Green v. GEICO General Insurance Company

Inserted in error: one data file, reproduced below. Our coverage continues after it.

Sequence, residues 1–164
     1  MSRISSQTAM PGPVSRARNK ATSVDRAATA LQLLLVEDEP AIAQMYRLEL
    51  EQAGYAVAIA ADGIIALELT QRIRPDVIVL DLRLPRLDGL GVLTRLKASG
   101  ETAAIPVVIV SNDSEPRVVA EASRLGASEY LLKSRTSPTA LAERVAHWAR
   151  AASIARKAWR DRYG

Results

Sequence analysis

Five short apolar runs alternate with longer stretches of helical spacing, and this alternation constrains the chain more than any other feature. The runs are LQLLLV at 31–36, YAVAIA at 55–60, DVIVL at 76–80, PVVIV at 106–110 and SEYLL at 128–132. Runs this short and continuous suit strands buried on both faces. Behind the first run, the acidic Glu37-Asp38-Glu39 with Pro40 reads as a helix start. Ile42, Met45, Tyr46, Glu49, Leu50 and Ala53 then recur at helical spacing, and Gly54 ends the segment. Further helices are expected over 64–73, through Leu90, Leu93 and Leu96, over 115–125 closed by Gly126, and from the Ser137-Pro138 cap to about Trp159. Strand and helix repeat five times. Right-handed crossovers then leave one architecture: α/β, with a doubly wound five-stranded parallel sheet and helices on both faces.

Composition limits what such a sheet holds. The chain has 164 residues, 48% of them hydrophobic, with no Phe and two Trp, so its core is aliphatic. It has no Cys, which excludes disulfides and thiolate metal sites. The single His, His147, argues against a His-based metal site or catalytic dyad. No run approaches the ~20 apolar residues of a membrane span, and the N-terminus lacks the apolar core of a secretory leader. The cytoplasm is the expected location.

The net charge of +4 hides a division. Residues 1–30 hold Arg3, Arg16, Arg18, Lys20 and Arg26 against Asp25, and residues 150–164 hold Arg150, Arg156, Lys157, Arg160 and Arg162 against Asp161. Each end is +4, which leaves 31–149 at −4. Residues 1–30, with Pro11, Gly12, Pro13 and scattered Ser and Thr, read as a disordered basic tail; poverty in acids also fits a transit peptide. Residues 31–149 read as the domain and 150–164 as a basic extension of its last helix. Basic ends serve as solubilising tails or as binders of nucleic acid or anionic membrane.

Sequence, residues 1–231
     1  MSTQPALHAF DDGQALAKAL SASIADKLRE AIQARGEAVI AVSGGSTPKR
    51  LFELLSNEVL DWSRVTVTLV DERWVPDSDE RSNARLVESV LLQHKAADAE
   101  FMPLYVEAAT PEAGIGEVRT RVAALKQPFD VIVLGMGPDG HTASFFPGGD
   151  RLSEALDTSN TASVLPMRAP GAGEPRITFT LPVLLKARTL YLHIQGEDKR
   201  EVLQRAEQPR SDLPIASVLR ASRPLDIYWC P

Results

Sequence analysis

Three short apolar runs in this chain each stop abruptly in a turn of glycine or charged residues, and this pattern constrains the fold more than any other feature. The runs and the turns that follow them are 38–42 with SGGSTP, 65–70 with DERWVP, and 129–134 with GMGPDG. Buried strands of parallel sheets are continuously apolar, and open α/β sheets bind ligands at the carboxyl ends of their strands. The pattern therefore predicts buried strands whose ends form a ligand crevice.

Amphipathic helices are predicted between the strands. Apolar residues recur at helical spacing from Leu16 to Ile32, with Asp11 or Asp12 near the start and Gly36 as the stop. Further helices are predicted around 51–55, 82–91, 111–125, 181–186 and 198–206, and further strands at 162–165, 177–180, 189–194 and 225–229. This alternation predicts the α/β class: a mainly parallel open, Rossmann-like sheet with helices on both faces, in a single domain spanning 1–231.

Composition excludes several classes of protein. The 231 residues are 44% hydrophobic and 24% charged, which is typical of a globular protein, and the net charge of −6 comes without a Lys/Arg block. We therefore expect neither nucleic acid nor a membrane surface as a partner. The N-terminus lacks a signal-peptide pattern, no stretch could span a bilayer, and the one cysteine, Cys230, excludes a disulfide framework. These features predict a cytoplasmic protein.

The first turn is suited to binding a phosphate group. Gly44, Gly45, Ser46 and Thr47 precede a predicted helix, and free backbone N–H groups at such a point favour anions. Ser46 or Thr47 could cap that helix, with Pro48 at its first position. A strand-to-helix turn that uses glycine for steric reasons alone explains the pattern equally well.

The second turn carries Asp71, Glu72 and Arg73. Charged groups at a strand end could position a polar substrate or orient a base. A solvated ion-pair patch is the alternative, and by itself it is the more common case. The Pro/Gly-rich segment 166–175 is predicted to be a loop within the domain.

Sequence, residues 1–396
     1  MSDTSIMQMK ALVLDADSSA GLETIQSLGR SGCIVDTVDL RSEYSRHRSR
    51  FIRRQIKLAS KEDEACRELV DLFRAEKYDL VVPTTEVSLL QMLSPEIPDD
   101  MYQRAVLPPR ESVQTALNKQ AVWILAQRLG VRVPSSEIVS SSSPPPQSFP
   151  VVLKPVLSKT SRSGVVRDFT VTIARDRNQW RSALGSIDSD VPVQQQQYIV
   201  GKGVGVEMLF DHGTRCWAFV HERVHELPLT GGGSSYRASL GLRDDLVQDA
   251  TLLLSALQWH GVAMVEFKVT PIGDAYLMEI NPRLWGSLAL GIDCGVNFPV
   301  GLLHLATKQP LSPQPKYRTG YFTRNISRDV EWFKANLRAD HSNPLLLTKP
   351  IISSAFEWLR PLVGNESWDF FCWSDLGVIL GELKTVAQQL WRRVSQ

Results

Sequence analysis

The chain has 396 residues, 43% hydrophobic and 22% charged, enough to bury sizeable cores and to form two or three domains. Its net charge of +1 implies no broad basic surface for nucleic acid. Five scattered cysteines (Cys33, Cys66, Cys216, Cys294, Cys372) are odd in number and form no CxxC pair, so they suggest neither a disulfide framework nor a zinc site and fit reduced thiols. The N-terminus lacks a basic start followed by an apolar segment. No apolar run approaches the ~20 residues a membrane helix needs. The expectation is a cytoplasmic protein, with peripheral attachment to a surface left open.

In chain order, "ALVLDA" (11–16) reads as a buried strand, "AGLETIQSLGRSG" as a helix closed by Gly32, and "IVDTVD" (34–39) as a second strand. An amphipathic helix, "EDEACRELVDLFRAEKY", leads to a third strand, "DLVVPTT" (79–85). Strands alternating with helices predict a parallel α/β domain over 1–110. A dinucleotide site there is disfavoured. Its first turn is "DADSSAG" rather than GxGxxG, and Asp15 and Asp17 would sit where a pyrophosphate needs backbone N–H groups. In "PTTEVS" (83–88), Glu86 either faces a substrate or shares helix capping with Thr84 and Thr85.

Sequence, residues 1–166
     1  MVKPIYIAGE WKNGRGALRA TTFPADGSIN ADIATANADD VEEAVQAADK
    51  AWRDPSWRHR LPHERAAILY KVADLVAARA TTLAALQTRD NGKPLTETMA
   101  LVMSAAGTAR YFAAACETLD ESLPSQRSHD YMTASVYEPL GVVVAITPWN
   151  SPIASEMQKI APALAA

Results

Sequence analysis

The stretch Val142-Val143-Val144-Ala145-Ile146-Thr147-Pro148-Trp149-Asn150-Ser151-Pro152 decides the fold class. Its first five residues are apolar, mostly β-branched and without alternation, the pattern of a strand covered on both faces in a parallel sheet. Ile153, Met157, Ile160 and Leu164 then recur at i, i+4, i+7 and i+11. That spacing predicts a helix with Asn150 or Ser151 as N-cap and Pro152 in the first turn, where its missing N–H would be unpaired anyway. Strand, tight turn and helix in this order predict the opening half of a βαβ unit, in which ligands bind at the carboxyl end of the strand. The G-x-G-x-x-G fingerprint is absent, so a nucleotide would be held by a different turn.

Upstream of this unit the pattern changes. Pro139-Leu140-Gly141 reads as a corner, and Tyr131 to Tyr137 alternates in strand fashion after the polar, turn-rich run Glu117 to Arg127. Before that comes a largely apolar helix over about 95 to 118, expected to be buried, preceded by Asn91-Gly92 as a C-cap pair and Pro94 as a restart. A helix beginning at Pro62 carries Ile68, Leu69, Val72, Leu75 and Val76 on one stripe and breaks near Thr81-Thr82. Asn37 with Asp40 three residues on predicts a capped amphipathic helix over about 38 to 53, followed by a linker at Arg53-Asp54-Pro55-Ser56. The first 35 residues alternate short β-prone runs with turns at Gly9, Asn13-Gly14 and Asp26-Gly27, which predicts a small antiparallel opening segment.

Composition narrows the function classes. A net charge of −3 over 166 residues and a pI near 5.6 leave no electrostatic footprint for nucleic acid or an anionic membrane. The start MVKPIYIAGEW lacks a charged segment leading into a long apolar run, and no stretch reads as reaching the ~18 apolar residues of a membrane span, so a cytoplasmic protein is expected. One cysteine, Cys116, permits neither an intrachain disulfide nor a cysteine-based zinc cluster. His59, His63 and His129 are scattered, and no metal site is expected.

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COURT OF CHANCERY OF THE STATE OF DELAWARE 417 S. State Street Dover, Delaware 19901 Telephone: (302) 739-4397 Facsimile: (302) 739-6179 JOSEPH R. SLIGHTS III VICE CHANCELLOR Date Submitted: January 20, 2017 Date Decided: February 1, 2017 Richard H. Cross, Jr., Esquire Cross & Simon, LLC 913 N. Market Street, 11th Floor Wilmington, DE 19801 Re: Paul A. Bradley, Esquire Maron Marvel Bradley & Anderson LLC 1201 N. Market Street, Suite 900 Wilmington, DE 19801 Green v. GEICO General Insurance Company C.A. No. 9431-VCS Dear Counsel: After carefully reviewing this matter, including the parties’ recent submissions on the jurisdictional issue, I have determined that I must dismiss the Amended Verified Class Action Complaint (“the Complaint”) for lack of subject matter jurisdiction.1 This is a court of limited subject matter jurisdiction. By statute, See IBM Corp. v. Comdisco, Inc., 602 A.2d 74, 77 n.5 (Del. Ch. 1991) (“judges in the Delaware Court of Chancery are obligated to decide whether a matter comes within the 1 Green v. GEICO General Insurance Company C.A. No. 9431-VCS February 1, 2017 Page 2 the Court is conferred with subject matter jurisdiction to hear and adjudicate all matters and causes in equity; it may not, however, exercise its subject matter jurisdiction where an adequate remedy of law is available.2 In determining whether there is an adequate remedy at law, the “issue for the Equity court is not whether another remedy would be preferable to the plaintiffs, but whether the available remedy at law will provide a full, adequate and complete remedy to the plaintiffs.”3 As then-Chancellor Allen succinctly observed: Chancery jurisdiction is not conferred by the incantation of magic words. Neither the artful use nor the wholesale invocation of familiar Chancery terms in a complaint will excuse the court . . . from a realistic assessment of the nature of the wrong alleged and the remedy available in order to determine the whether a legal remedy is available and fully adequate. If a realistic evaluation leads to the conclusion that an adequate remedy [at law] is available, this court, in conformity with the command of Section 342 of Title 10, will not accept jurisdiction over the matter.4 equitable jurisdiction of this Court regardless of whether the issue has been raised by the parties. . .”). 2 10 Del. C. §§ 341, 342. 3 Chateau Apts. Co. v. City of Wilm., 391 A.2d 205, 207 (Del. 1978). 4 McMahaon v. New Castle Assocs., 532 A.2d 601, 603 (Del. Ch. 1987). See also IBM Corp., 602 A.2d at 78 (“equity will take a practical view of the complaint and will not permit a suit to be brought in Chancery where a complete legal remedy otherwise exists Green v. GEICO General Insurance Company C.A. No. 9431-VCS February 1, 2017 Page 3 After taking a “practical view”5 of the Complaint, it appears to me that the Plaintiffs have adequate remedies at law. Plaintiffs seek an injunction that would “prohibit GEICO from employing the Geographic Reduction Rule and Passive Modality Rule” when adjusting claims for benefits presented under Delaware’s personal injury protection (“PIP”) statute, 21 Del. C. § 2118, and a mandatory injunction that would “require GEICO to recalculate all previously paid claims [for PIP benefits] from the period March 10, 2011 to the date an injunction is issued . . . without using the Geographic Reduction Rule or Passive Modality Rule.”6 Presumably these prayers are the “hooks” for equitable jurisdiction. The requests for injunctive relief, in turn, are predicated upon the Court having determined that GEICO has either breached its contracts of insurance with its insureds or violated the applicable provisions of Delaware’s PIP statute. Yet the Complaint offers no well-pled facts that would support the notion but where the plaintiff has prayed for some type of traditional equitable relief as a kind of formulaic ‘open sesame’ to the Court of Chancery”). 5 See id. 6 Amended Verified Class Action Complaint at Prayers, ¶¶ b, c. Green v. GEICO General Insurance Company C.A. No. 9431-VCS February 1, 2017 Page 4 that a declaration of rights under the applicable contracts of insurance and/or Delaware’s PIP statute, coupled with an award of damages and statutory penalties, if appropriate, would not provide an adequate remedy to the putative class of plaintiffs.7 A declaration that either the insurance policies at issue or the applicable statute(s) do not permit GEICO to employ the Geographic Reduction Rule or Passive Modality Rule in its claims processing would not require an accompanying injunction. There is no indication that GEICO would refuse to abide by a final declaratory judgment to this effect.8 Plaintiffs’ identification of instances where GEICO allegedly ignored orders issued in connection with Insurance Commissioner arbitration proceedings does not persuade me that GEICO would ignore a final 7 W. Air Lines, Inc. v. Allegheny Airlines, Inc., 313 A.2d 145, 149 (Del. Ch. 1973) (this Court will adjudicate a prayer for declaratory relief only when there otherwise exists “some special, traditional basis for equity jurisdiction”). See Chateau Apts., 391 A.2d at 208 (“declin[ing] to assume” that a defendant would refuse to heed a determination of liability such that an injunction would be required to insure compliance and facilitate enforcement of the judgment); Levenberg v. Southland Corp., 1976 WL 5203, at *1 (Del. Ch. Aug. 5, 1976) (“it is a generally accepted principle that injunctive relief will not issue against a mere possibility of future harm or to allay mere apprehensions”). 8 Green v. GEICO General Insurance Company C.A. No. 9431-VCS February 1, 2017 Page 5 declaratory judgment of the Superior Court of Delaware. Moreover, Plaintiffs would have remedies available in the Superior Court to compel compliance, including a contempt citation, in the unlikely event that GEICO demonstrated any reluctance to comply fully with the Superior Court’s order(s). Plaintiffs maintain that their request for a mandatory injunction that would compel GEICO to reexamine all bills submitted to it “without using the Geographic Reduction Rule or Passive Modality Rule” is the only adequate remedy because GEICO has resisted providing discovery in the past that would allow for a calculation of damages.9 Even assuming this is accurate, I am satisfied that Plaintiffs can resort to the Superior Court’s Civil Rules, particularly Rule 37, to compel 9 Damages evidence, in this case, presumably would be in the form of medical and other bills that were submitted on behalf of the putative class during the timeframe GEICO applied the Geographic Reduction Rule or Passive Modality Rule when adjusting claims. I note that this same evidence would be relevant and discoverable in the event this Court were to enter the mandatory injunction Plaintiffs seek here. Once the bills were produced, Plaintiffs presumably would present evidence regarding the amounts that should have been paid as reimbursement using “proper” claims adjustment methods and would contrast that amount with the amount actually paid as a basis to calculate compensatory damages. GEICO, of course, could rebut that evidence. See Clark v. State Farm Mut. Auto. Ins. Co., 2015 WL 1518662 (Del. Super. Ct. Mar. 30, 2015) (plaintiff brought claims on behalf of a putative class of policyholders that insurer engaged in improper claims practices when adjusting PIP claims and sought, inter alia, compensatory damages on behalf of the class). Green v. GEICO General Insurance Company C.A. No. 9431-VCS February 1, 2017 Page 6 GEICO to produce damages evidence in the event the Superior Court determines that GEICO either breached its insurance contracts or violated the PIP statute by applying the Geographic Reduction Rule or Passive Modality Rule when adjusting claims.10 In this regard, I note that the mere fact a plaintiff may have to go to some lengths to prove damages does not mean that damages are not an adequate remedy.11 Having reviewed the Complaint, and Plaintiffs’ requested remedies, I am satisfied that this Court lacks subject matter jurisdiction since “[t]he true nature of this action is contractual; [and] complete relief is available at law.”12 I appreciate 10 I express no view at this stage whether the statutory remedies available to Plaintiffs under 18 Del. C. § 317 or 21 Del. C. § 2118(j) would also constitute adequate remedies at law. 11 See, e.g., Willis v. PCA Pain Ctr. of Va., Inc., 2014 WL 5396164, at *3 (Del. Ch. Oct. 20, 2014) (finding that, in a challenge to the defendants’ alleged failure to proceed with agreements to transfer a business to plaintiffs, while pro forma projections provided by the business were arguably “incompetent and misleading” and therefore not a sound basis for a damages award, there was no reason why the plaintiff could not engage a third party to undertake a valuation and therefore make adequate damages calculations); Metro Ambulance Inc. v. Eastern Med. Billing, Inc., 1995 WL 409015, at *4 (Del. Ch. July 5, 1995) (holding that damages were an adequate remedy as they could be easily calculated, even where documents necessary to calculate damages were allegedly wrongly withheld by the defendants as these documents could “be ‘recovered’ through discovery in a court of law.”). 12 Charlotte Broadcasting, LLC v. Davis Broadcasting of Atlanta, LLC, 2013 WL 1405509, at *6 (Del. Ch. Apr. 2, 2013) (dismissing action for lack of subject matter jurisdiction and Green v. GEICO General Insurance Company C.A. No. 9431-VCS February 1, 2017 Page 7 that neither Plaintiffs nor the Defendant raised the jurisdictional issue, a circumstance that suggested initially that all parties were content to litigate their claims and defenses here. I raised the jurisdictional issue sua sponte because I am obliged to do so.13 GEICO has since advised the Court that it agrees the Court lacks subject matter jurisdiction.14 In any event, this court’s jurisdiction cannot be conferred by consent.15 Having now afforded the parties an opportunity to be heard on the issue, I conclude that dismissal with prejudice is appropriate subject to noting that Plaintiff may “timely seek a transfer to the Superior Court”). See also Clark v. State Farm Mut. Auto. Ins. Co., 2015 WL 3882528 (Del. Super. Ct. Mar. 30, 2015), aff’d, 131 A.3d 806 (Del. 2016) (adjudicating claims of bad faith claims practices relating to Delaware’s personal injury protection insurance statute); Johnson v. GEICO Cas. Co., 310 F.R.D. 246 (D. Del. 2015) (adjudicating claims relating to the insurance carrier’s use of the Geographic Reduction Rule and Passive Modality Rule after the case was removed from the Delaware Superior Court). 13 IBM Corp., 602 A.2d at 77 n.5. Having determined that the Court lacks subject matter jurisdiction, I decline GEICO’s invitation to adjudicate the question of whether, under Clark v. State Farm Mut. Auto. Ins. Co., 131 A.3d 806 (Del. 2016), the Insurance Commissioner of Delaware is vested with exclusive jurisdiction to address Plaintiffs’ claims. 14 15 See El Paso Nat. Gas Co. v. TransAmerican Nat. Gas Corp., 669 A.2d 36, 39 (Del. 1995) (“It is a cardinal principle of the law that jurisdiction of a court over the subject matter cannot be conferred by consent or agreement.”) (quoting Timmons v. Cropper, 172 A.2d 757, 760 (Del. Ch. 1961)). Green v. GEICO General Insurance Company C.A. No. 9431-VCS February 1, 2017 Page 8 Plaintiffs’ election to have the case transferred to the Superior Court of Delaware pursuant to 10 Del. C. § 1902. IT IS SO ORDERED. Very truly yours, /s/ Joseph R. Slights III